Fresh water will be produced (at 3.6 gallons/hr) through reverse osmosis with polymeric semipermeable membranes; and a smaller hand-held unit will serve as an emergency kit. Most of the pumps have housings of glass-filled ABS or polypropylene. A 7 |ft.sup.3~ refrigerator and 5 |ft.sup.3~ freezer are insulated with a minimum of 4 inches of polyurethane foam.

The Ballerina's radar, electrical monitors, short- and long-range radios, and navigation instruments are all dependent on plastic housings (ABS, ASA, or polycarbonate), and laminated epoxy circuit boards minimize corrosion and facilitate the miniaturization that expands their functionality.

Scheduling the points on their route to try to dodge hurricanes and seasonal storms, the Youngs envision that their open-ended journey will take years. They plan to visit the Caribbean, South America, the Panama Canal, Hawaii, French Polynesia, the South Pacific, New Zealand, Australia, the Red Sea, the Suez Canal, the Mediterranean Sea, and northern Europe. The final portion of the trip will be from the Canary Islands to Barbados, where the Youngs will intersect their own path for the first time and thus complete a circumnavigation of the earth.

Plastics have been fundamental in the preparation for the long adventure, altering the Youngs' lifestyle while permitting them to keep numerous shoreside comforts.


Lighter weight, more efficient, and imaginative plastic products and equipment have been catalysts in drawing millions of people into more active lifestyles. "Access to plastics has stimulated new creative opportunities for the R&D divisions of sporting goods manufacturers," says Michael May, director of communications for the Sporting Goods Manufacturers Association (SGMA). "Plastics enable production of many sporting goods products that are stronger, lighter, more attractive, and that perform to a higher standard. Many never would have been invented if we did not have materials like plastics." Plastics have now become integral to practically all of the wide range of sports and recreational products with which people are expressing their more active lifestyles.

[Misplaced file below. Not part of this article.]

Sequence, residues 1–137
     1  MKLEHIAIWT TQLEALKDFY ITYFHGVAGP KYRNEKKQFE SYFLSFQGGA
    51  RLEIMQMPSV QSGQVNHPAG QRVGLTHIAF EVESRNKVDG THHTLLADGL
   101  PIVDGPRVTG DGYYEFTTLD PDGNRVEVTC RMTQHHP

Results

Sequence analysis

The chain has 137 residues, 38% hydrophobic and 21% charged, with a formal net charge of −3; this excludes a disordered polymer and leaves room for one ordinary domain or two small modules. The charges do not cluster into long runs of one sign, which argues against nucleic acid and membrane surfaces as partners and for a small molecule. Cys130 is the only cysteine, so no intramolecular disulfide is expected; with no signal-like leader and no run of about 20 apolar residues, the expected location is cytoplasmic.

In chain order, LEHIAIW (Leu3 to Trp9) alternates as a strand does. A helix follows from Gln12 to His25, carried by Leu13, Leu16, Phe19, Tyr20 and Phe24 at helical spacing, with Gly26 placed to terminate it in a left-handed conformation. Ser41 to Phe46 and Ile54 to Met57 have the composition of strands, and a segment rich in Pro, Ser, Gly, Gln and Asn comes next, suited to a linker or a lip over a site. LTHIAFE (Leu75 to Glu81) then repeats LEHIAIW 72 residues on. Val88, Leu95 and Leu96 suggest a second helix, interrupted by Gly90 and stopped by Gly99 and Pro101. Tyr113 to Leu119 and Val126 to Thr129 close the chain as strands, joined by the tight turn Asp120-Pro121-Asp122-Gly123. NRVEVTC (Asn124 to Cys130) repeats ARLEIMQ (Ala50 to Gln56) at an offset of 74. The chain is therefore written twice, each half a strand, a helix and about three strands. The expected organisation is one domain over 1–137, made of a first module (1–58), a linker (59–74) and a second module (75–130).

A recent SGMA study showed that sales of products in six athletic disciplines registered double-digit growth between 1989 and 1991: stair-climbing machines (240%), cross-country ski machines (127%), in-line skates (124%), beach volleyball equipment (112%), treadmills (55%), and basketball equipment (14%). According to the SGMA, manufacturers' total wholesale sales of sports-oriented products (including all materials)--equipment, apparel, and athletic footwear--is estimated at $32.6 billion in 1992, compared to $15.55 billion in 1982. A significant portion of the growth, May comments, can be attributed to the availability of plastics and the opportunities the materials have provided for design and production improvements.


Packaging, the plastics industry's largest market (14.6 billion lbs of resins sold in 1991), reacts to a myriad of elements affecting our lifestyles. Richard A.L. Eidman, marketing programs manager, and Thomas Hurford, marketing end-use sales and development manager, Du Pont Packaging, emphasize that it is the public's desires, as societal tastes and pressures change, that drive new packaging trends. They cite environmental concerns, issues of health and well-being, priorities for use of time, and the economical extension of the shelf life of food products as prime movers in the dynamics of packaging technology. The flexible polyolefin pouch, such as the Du Pont Canada Mini-Sip Pouch made of Sclairfilm polyolefin film, for example, reflects the pressures from a more environmentally conscious society for lighter-weight, less bulky packaging, and solid waste source reduction.

Polyolefin shrink film for tamper-evident packaging responds to the need to enhance our confidence in the security of many products. Barrier-type plastics packaging keeps pace with changing demographics as markets expand to include more complex ethnic meals requiring preservation of freshness and flavor, whether they are targeted for microwave or conventional ovens. Plastic-packaged foods with esoteric, gourmet spices and sauces, in combination with the microwave oven, can rescue a hungry, time-pressed individual from a Spartan peanut butter and jelly sandwich. Offering from 5 to 11 layers or more, depending on the specific product requirements, packaging technology has forever changed that person's lifestyle.


Plastics technology has made countless amenities available that previously were much less accessible to many segments of our society. Janet Bailey, an author in the area of food safety, says that "thanks to plastic packaging, we now can get foods from all over the world and can enjoy seasonal foods year-round. In the produce section of the neighborhood grocery store, potatoes from Idaho are likely to be next to blueberries from New Zealand."